Minggu, 08 April 2012

Reclaiming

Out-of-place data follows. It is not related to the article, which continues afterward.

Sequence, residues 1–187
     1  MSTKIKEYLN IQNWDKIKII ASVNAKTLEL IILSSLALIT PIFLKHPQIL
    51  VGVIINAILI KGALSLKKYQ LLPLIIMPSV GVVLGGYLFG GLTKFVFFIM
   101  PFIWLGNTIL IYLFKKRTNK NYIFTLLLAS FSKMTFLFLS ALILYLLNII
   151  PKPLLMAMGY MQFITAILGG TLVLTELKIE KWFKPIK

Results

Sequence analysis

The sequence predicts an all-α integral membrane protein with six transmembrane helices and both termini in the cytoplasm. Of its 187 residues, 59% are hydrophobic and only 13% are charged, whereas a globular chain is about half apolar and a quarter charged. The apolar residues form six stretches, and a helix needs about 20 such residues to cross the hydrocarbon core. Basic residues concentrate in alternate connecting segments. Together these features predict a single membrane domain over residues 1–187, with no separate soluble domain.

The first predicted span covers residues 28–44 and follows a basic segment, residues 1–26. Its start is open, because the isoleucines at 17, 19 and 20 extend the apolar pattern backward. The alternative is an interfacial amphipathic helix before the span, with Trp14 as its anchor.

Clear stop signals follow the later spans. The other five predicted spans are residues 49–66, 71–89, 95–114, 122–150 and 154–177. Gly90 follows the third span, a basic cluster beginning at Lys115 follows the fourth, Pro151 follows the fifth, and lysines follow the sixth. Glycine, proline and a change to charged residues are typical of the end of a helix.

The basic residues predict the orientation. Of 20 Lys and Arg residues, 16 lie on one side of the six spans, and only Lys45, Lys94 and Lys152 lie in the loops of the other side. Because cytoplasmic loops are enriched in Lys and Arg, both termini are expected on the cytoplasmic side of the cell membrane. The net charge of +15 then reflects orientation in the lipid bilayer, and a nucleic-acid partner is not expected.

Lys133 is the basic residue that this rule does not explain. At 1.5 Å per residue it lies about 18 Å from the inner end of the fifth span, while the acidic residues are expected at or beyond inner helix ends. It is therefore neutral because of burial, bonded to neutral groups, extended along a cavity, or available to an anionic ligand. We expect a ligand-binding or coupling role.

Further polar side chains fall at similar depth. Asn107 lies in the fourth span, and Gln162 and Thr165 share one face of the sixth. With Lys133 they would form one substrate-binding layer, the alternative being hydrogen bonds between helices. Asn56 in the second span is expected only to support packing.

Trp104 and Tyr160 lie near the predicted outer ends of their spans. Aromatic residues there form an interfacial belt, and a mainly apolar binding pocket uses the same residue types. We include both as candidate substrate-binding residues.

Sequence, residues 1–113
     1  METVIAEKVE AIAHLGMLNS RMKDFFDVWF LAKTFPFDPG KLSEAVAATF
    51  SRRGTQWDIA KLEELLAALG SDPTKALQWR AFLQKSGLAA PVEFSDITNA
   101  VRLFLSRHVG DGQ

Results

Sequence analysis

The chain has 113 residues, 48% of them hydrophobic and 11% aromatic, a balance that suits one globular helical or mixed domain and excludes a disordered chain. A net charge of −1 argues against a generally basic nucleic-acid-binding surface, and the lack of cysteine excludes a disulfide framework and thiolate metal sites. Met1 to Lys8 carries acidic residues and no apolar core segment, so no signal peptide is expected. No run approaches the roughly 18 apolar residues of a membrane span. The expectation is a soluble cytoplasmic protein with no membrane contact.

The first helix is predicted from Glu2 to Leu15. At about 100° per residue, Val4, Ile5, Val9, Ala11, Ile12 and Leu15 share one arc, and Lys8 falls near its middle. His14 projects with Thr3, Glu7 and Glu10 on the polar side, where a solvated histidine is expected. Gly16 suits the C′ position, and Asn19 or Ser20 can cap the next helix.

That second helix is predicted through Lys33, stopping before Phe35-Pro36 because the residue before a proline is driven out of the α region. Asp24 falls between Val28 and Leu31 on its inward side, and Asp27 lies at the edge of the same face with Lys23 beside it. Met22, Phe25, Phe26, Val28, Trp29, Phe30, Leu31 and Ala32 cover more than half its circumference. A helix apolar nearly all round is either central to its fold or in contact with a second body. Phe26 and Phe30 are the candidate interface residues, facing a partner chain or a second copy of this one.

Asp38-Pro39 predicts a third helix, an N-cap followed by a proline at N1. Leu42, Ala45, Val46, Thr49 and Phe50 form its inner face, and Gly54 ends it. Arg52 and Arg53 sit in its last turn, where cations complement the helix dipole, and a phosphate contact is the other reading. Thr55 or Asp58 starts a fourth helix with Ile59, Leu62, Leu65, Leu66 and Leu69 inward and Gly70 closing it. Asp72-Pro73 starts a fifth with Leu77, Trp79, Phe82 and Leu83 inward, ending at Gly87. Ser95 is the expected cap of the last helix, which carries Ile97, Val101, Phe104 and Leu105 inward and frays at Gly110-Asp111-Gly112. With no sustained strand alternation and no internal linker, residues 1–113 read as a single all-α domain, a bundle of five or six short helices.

The reclaiming procedure consists of two steps: The waste rubber is first chopped into pieces and ground into fine particles, known as crumb rubber. In the second step, the crumb is subjected to heat in the presence of chemicals and then followed by friction milling [14]. Reclaim was widely used in tire compounding for lower cost, improving processing and fatigue resistance. However, due the need for strength and abrasion resistance requirements, reclaim is not use in radial tires [37]. For the traditional rubber “reclaim,” crumb rubber is mixed with water, oil, and chemicals, and is then heated under pressure. During this process, the carbon-sulfur bonds are ruptured and the rubber becomes mostly devulcanized; it is then capable of being shaped into slabs [15]. According to Khait, tire manufacturers use these slabs as an alternative to virgin rubber for reuse in new tires or as an ingredient in other rubber products. Because reclaimed rubber has reduced elasticity, it is currently used for only about five percent of all new-tire production [15]. In the past, large quantities of whole tire tread peel, tubes, and other products were reclaimed using various reclaiming agents [6]. As much as 700 million pounds of reclaimed rubber was reported used in the U.S. in the 1950s [37]. When environmental regulations tightened and styrene-butadiene rubber (SBR) prices lowered, the result was an almost complete elimination of reclaim in the country [5]. The use of reclaim is primarily limited to bias ply tires [7]. At present there are two reclaimers in the U.S. These are U.S. Rubber in Vicksburg, Mississippi, and TRC in Stow, Ohio. There are reclaimers in the Netherlands, Russia, Romania, India, Mexico, Korea, and several other countries [37]. Reclaims are currently used in mats, bumpers, chocks, lowperformance tires, and other low-dynamic-stress rubber articles [37].

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